The story of America’s first Muslim institution of higher education, Zaytuna College
In the fall of 2010, anti-Muslim furor in the United States reached a breaking point, capping a decade in which such sentiment had surged. Loud, angry crowds gathered near New York’s Ground Zero to protest plans to build an Islamic cultural center, while a small-time Florida minister appeared on national television almost nightly promising to celebrate the anniversary of 9/11 with the burning of Korans. At the same time, fifteen devout Muslims quietly gathered in a basement in Berkeley, California, to execute a plan that had been coming together for over a decade: to found Zaytuna College, “Where Islam Meets America.” It would be the nation’s first four-year Muslim liberal arts college, its mission to establish a thoroughly American, academically rigorous, and traditional indigenous Islam.
In Light without Fire, Scott Korb tells the story of the school’s founders, Sheikh Hamza Yusuf and Imam Zaid Shakir, arguably the two most influential leaders in American Islam, “rock stars” who, tellingly, are little known outside their community. Korb also introduces us to Zaytuna’s students, young American Muslims of all stripes who admire—indeed, love—their teachers in ways college students typically don’t and whose stories, told for the first time, signal the future of Islam in this country.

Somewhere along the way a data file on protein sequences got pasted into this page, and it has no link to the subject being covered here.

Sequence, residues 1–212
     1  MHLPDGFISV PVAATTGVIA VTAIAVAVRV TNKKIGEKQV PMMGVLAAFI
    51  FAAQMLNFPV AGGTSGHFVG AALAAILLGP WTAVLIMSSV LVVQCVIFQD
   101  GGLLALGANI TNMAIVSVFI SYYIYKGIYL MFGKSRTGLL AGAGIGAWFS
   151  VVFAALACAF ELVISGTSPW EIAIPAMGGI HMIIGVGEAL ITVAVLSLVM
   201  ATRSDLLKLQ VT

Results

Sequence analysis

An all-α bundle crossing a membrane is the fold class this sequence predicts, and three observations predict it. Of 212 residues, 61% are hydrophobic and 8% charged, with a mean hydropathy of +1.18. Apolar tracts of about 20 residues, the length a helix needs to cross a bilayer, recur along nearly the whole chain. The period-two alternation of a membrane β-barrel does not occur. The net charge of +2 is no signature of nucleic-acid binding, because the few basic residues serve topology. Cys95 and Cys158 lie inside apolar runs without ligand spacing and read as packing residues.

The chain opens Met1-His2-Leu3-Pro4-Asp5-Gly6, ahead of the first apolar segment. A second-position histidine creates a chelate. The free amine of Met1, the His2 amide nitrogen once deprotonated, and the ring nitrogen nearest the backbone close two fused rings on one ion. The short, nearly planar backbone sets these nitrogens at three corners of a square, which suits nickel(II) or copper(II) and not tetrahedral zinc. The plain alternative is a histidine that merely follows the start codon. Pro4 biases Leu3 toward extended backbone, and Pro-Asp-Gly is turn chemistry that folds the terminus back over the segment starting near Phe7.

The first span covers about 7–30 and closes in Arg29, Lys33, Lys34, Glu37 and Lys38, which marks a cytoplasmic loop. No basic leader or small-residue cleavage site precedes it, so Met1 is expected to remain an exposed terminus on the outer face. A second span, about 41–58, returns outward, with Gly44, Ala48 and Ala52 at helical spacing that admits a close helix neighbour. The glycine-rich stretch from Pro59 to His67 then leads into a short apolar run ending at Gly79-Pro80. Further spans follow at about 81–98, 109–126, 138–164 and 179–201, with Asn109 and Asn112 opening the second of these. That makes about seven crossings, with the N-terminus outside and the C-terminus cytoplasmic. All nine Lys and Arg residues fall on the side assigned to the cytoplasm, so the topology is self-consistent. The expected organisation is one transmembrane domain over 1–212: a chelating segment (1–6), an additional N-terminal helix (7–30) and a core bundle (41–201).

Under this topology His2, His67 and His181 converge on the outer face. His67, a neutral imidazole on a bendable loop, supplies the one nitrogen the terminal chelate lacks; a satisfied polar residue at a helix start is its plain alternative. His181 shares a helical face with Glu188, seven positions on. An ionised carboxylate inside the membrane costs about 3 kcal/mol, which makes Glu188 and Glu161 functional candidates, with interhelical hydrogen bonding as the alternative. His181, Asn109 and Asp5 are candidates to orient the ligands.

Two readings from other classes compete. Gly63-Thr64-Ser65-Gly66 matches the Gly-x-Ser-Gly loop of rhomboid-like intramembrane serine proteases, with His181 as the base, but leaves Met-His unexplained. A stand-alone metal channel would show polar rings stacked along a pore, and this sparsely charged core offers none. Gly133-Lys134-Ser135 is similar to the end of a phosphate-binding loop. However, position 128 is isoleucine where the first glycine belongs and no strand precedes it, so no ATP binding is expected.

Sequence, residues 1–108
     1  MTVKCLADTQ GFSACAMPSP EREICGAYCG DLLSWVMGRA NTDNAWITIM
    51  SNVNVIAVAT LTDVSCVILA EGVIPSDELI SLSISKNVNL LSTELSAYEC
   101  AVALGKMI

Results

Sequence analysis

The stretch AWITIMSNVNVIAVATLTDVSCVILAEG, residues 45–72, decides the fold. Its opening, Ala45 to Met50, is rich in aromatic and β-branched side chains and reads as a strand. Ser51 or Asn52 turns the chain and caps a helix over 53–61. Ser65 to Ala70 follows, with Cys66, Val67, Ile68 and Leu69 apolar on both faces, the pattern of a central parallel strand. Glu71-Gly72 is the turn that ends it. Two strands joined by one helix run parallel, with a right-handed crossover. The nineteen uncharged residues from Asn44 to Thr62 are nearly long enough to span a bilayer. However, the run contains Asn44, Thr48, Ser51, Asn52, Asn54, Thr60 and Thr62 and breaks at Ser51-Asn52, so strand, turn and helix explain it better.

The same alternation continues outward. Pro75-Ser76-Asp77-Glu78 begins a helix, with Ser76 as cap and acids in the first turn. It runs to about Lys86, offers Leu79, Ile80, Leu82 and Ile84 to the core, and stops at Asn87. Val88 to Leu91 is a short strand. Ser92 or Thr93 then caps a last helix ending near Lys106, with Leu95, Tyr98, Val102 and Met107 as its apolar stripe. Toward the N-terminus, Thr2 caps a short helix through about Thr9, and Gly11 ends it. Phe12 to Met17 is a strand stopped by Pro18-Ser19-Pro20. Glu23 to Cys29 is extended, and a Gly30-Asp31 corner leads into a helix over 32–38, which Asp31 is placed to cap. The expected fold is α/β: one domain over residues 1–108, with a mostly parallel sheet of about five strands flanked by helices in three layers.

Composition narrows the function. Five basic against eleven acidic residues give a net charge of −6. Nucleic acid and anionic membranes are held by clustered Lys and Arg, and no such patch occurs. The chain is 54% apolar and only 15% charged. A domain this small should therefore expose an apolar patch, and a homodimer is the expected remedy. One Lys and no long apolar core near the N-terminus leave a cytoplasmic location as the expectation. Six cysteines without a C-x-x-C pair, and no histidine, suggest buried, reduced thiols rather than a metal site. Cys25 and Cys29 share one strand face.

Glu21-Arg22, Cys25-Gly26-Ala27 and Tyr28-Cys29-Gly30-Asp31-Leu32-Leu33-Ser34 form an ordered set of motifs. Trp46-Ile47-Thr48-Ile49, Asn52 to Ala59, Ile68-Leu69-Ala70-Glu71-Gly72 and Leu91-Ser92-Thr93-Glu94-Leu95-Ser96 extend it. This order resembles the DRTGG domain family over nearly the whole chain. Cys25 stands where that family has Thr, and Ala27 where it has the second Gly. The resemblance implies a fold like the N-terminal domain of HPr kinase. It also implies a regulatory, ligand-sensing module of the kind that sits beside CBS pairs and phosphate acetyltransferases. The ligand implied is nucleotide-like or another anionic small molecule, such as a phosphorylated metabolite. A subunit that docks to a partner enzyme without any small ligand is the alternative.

From a heady theology classroom to a vibrant storefront mosque, from the run-down streets Oakland to grand ballrooms echoing with America’s most powerful Muslim voices, Korb follows Zaytuna’s students and teachers as they find their place and their voice. He ultimately creates an intimate portrait of the school and provides a new introduction to Islam as it is being lived and re-envisioned in America. It’s no exaggeration to say that here, at Zaytuna, are tomorrow’s Muslim leaders.
From Light without Fire
Finding ways to explain himself is what sent a Muslim student of mine to Zaytuna Institute in the first place. Explaining themselves as traditional Muslim scholars is also what founders Sheik Hamza Yusuf, Imam Zaid Shakir, and Dr. Hatem Bazian have in mind with Zaytuna College, which, after years of planning, finally opened its doors in 2010. Because as much as nearly everyone involved in the story that follows would like to deny it, or like it not to be the case, there’s no getting around the fact that the 9/11 terrorist attacks occupy a central place in how we—all of us, Muslim and non-Muslim alike—think about Islam in contemporary America. We’d seen it once again at Fort Hood. What we’d been hearing for nearly a decade is that where Muslims gather—in the public square, a local mosque, or a military base loaded with guns—Allah is in their midst, raising Cain.
When Zaytuna College opened its doors, I was there. And I was there again and again all throughout that first year—in the classroom with Rasheeda and Faatimah and Leenah, with Mahassin and Sumaya and Reem; in the mosque with Dustin listening to sermons from Imam Zaid; in Islamic centers tucked away in low-rent industrial parks with Omar and his kids; and in the dormitories and Zaytuna library with Haroon and Chris and Ahmad and Hadeel the deejay. We ate together at halal restaurants and celebrated the birth of the Prophet almost every visit. Where Muslims gather, Allah is in their midst. This much I now know is true.
Excerpted from Light without Fire by Scott Korb. Copyright © 2013 by Scott Korb. Excerpted by permission of Beacon Press, a division of Random House, Inc. All rights reserved. No part of this excerpt may be reproduced or reprinted without permission in writing from the publisher.